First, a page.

|Publication number||US3400416 A|
|Publication date||Sep 10, 1968|
|Filing date||Jul 14, 1967|
|Priority date||Jul 14, 1967|
|Publication number||US 3400416 A, US 3400416A, US-A-3400416, US3400416 A, US3400416A|
|Inventors||Nicholson Marjorie C, Nicholson Paul A|
|Original Assignee||Marjorie C. Nicholson, Paul A. Nicholson|
|Export Citation||BiBTeX, EndNote, RefMan|
|Patent Citations (2), Referenced by (9), Classifications (8)|
|External Links: USPTO, USPTO Assignment, Espacenet|
Sept. 10, 1968 P. A. NICHOLSON ETAL. 3,400,415
COMBINATION GOLF BALL AND CLUB WASHER Filed July 14. 1967 .fd Z
JNVENTORS United States Patent O M 3,400,416 COMBINATION GOLF BALL AND CLUB WASHER Paul A. Nicholson and Marjorie C. Nicholson, 1012 Broadmont Terrace, Falls Church, Va. 22046 Filed July 14, 1967, Ser. No. 653,511 8 Claims. (Cl. 15-21) ABSTRACT OF THE DISCLOSURE A receptacle for a washing liquid provided with a plunger carrying a ball-holder and a brush-carrying member, brush means having a stationary mounting in the receptacle in ball-brushing proximity to the ball-holder member, and cavity means in the receptacle for supporting a golf club, either a wood or an iron, in brushing proximity to the brush of said brush-carrying member, so that upon reciprocation of said plunger a ball carried by said ball-holder member, or a club supported in said cavity, or both, may be cleaned by the respective brushes.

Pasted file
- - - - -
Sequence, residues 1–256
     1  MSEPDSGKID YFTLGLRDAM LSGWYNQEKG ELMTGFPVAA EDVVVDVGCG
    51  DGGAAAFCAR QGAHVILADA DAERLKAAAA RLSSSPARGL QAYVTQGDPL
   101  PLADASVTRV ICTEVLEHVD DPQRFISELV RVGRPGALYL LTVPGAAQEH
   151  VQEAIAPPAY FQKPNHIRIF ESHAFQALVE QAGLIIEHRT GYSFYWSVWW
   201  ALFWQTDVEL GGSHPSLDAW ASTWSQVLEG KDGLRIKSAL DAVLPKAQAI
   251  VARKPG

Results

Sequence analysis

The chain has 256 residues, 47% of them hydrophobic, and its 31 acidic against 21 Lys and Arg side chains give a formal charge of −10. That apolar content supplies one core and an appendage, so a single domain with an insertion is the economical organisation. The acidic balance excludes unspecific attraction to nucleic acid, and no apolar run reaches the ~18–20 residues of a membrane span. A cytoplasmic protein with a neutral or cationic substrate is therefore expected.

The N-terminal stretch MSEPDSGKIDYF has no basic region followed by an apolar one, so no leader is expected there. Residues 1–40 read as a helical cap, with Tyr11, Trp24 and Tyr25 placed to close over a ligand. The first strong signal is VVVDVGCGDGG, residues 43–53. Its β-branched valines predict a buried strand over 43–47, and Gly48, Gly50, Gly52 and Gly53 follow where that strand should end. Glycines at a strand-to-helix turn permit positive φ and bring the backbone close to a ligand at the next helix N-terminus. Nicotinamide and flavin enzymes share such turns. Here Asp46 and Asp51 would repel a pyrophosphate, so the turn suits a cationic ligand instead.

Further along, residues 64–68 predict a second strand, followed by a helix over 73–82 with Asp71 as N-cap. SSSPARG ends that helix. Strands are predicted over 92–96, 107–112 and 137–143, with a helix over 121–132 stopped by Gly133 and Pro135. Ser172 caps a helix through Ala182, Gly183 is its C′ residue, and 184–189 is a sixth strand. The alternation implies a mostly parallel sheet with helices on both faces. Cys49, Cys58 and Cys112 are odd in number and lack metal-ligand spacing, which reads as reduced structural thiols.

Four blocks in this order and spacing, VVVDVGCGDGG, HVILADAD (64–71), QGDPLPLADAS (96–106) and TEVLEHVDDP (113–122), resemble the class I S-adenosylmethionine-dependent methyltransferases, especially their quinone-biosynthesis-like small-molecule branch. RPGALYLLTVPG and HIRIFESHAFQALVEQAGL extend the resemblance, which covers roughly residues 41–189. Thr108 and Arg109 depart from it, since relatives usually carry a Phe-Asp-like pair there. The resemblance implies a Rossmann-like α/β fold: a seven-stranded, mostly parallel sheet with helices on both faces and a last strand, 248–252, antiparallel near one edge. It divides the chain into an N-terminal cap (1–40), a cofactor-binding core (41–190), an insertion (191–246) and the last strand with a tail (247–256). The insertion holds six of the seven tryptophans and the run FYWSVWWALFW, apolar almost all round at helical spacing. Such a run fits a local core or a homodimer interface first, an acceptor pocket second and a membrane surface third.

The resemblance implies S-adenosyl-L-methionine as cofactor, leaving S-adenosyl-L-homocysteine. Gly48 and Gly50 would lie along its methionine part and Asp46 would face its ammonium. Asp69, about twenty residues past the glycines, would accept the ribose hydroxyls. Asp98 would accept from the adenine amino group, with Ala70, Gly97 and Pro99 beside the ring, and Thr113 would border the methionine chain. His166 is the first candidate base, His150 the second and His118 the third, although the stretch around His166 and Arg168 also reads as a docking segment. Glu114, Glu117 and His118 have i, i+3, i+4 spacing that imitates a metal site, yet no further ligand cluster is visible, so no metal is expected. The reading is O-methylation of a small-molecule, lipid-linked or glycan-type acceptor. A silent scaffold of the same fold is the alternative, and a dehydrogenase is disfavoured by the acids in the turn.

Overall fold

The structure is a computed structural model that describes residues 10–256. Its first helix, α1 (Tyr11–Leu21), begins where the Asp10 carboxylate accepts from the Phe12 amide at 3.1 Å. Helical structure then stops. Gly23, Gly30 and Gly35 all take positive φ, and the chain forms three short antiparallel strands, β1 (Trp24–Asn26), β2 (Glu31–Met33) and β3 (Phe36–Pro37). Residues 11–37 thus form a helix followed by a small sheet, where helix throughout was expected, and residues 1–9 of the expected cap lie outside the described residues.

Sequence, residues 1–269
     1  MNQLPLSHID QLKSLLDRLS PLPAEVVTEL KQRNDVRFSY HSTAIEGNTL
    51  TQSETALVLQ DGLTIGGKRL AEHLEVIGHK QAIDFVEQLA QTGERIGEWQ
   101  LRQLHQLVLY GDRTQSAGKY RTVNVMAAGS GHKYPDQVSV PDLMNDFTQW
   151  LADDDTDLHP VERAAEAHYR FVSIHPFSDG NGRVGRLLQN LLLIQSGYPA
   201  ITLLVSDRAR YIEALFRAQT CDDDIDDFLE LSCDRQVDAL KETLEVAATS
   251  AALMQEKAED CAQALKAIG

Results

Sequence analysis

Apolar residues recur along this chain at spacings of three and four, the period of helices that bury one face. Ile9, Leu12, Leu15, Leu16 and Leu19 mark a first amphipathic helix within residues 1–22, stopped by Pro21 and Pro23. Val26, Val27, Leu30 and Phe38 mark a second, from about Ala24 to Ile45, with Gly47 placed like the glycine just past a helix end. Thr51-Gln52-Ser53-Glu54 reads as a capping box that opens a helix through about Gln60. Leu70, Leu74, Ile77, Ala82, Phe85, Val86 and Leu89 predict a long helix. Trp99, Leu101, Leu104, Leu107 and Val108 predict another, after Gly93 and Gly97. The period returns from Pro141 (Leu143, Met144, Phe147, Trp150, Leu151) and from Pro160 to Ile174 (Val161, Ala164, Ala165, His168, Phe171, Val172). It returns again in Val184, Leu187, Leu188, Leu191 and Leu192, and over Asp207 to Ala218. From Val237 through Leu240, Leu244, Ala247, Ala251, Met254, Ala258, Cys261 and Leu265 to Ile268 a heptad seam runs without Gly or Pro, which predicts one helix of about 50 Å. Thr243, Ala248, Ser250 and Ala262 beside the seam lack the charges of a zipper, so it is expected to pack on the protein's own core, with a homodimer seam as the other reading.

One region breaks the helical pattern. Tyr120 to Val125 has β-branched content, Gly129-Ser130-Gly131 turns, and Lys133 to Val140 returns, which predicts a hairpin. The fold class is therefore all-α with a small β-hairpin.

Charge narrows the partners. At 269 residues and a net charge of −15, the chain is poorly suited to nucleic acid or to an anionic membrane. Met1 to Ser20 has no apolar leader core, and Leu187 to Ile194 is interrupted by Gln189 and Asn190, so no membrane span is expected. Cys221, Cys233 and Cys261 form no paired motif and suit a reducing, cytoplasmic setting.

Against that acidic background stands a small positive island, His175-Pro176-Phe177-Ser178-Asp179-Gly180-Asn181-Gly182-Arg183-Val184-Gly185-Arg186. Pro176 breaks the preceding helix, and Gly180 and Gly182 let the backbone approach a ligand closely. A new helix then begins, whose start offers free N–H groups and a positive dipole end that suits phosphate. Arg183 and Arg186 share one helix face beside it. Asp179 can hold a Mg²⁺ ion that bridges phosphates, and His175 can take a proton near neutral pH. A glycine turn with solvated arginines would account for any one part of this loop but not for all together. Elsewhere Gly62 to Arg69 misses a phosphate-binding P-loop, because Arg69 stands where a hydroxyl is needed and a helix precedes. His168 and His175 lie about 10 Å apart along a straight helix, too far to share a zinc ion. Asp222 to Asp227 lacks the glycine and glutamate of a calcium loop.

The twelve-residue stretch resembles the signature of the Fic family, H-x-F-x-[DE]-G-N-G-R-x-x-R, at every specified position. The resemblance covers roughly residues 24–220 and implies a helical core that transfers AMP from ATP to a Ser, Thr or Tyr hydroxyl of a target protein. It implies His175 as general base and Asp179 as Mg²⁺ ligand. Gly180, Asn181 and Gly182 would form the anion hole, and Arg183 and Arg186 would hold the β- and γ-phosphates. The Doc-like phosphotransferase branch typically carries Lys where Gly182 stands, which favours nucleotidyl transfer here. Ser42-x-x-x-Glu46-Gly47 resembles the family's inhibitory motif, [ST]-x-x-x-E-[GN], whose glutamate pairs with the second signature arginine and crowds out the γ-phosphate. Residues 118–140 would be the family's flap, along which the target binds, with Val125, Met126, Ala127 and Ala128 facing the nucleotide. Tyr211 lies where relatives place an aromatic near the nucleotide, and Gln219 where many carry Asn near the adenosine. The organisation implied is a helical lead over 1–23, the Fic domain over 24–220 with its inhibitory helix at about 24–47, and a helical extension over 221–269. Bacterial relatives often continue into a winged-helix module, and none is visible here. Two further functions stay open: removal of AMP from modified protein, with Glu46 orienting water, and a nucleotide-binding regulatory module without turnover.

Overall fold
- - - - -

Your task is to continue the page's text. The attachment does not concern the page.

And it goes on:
The invention comprises, in a golf ball and club washer, the combination With a receptacle to contain a Washing liquid, of a plunger reciprocable therein and provided with a member apertured to receive a golf ball and with a brush-carrying member, brush means stationary in said receptacle in ball-brushing proximity to said apertured ball-receiving member, and cavity means in said receptacle for supporting a golf club with its face in brushing contact with the brush of said brush-carrying member, and the invention includes, also, a cover for said receptacle and a handle for said plunger, said cover being apertured to permit reciprocation of said plunger, ball-receiving member and brush-carrying member, and said plunger being provided with closure means for the said apertures of said cover member when the plunger is in its depressed position within the receptacle, and, further, an aperture in the cover in register with said cavity means, said aperture being provided with an openable and reclosable closure member, all as will be explained hereinafter more fully and iinally claimed.
In the accompanying drawing illustrating the invention, in the several figures of which like parts are similarly designated,
FIG. l is a top plan view of the device of the invention,
FIG. 2 is a sectional elevational view of the device taken substantially on the line 2-2 of FIG. 1, and showing the plunger in fully depressed position,